Friday, February 25, 2011

Eating Animals

I have just finished reading Jonathan Safran Foer's book, Eating Animals, and I will never be the same again. My partner and I became vegans just over four months ago, after several years of being mainly vegetarians. Our earlier decision not to eat four-legged creatures was based mostly on our experiences of driving through the Texas panhandle, seeing, smelling, and being horrified by, the feedlots full of cattle wallowing in mud and excrement along I40 and other highways in the area. We continued to eat the occasional chicken and fish, as well as eggs and dairy, but came to feel worse and worse about the whole thing.

As I have posted here, and on my Facebook page, the ultimate decision to eat neither animals nor any animal products, came about for reasons of personal health, when Gail was diagnosed with coronary artery disease, and we began our research into ways other than invasive procedures and medication to help her recover. I know people, most notably my niece and her partner, who have been vegan for many years now out of a moral conviction that eating animals is wrong. Reading Foer's book has placed me someplace I never thought I'd find myself, squarely in that "eating animals is wrong" camp. It's not exactly the "I'll never eat anything that had a mother and a face" position that my niece holds, but it's getting closer. I love Saffran Foer's writing, have read his earlier books, both novels, and much to my suprise found this nonfiction book equally engaging.  His writing here was as offbeat and captivating as his fiction, and I read it straight through almost without stopping. To quote the book's website:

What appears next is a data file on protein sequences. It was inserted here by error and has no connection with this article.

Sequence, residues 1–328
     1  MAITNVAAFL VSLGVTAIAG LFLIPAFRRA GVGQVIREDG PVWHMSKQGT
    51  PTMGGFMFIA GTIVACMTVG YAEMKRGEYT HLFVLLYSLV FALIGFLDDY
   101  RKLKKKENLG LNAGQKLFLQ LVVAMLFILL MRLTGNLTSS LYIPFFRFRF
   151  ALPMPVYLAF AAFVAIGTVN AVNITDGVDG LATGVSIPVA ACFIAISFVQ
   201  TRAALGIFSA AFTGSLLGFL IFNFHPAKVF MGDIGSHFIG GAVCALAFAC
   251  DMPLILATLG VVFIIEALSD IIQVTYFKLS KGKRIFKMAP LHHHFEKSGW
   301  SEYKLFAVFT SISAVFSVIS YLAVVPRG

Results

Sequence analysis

"Like many others, Jonathan Safran Foer spent his teenage and college years oscillating between omnivore and vegetarian. But on the brink of fatherhood—facing the prospect of having to make dietary choices on a child’s behalf—his casual questioning took on an urgency. This quest ultimately required him to visit factory farms in the middle of the night, dissect the emotional ingredients of meals from his childhood, and probe some of his most primal instincts about right and wrong.

This book is what he found. Brilliantly synthesizing philosophy, literature, science, memoir, and his own detective work, Eating Animals explores the many stories we use to justify our eating habits—folklore and pop culture, family traditions and national myth, apparent facts and inherent fictions—and how such tales can lull us into a brutal forgetting."

In the past couple of days I read that  Duke University and Univ. of North Carolina have chosen Eating Animals as the summer reading assignment for their incoming freshmen. It is an excellent choice for young people on the brink of being in charge of their own life decisions. As one of the students on the choosing panel stated:  "For me, it's not just a book about food, It's a book about being really active in making your own decisions."  It delights me to think that Saffran Foer may be instrumental in helping them make some very good ones.(Crossposted from my personal blog: Quid Nunc.)

1 comment:

Lisa :-] said...

Wonderful review of some fascinating reading. Thank you, Mary Ellen.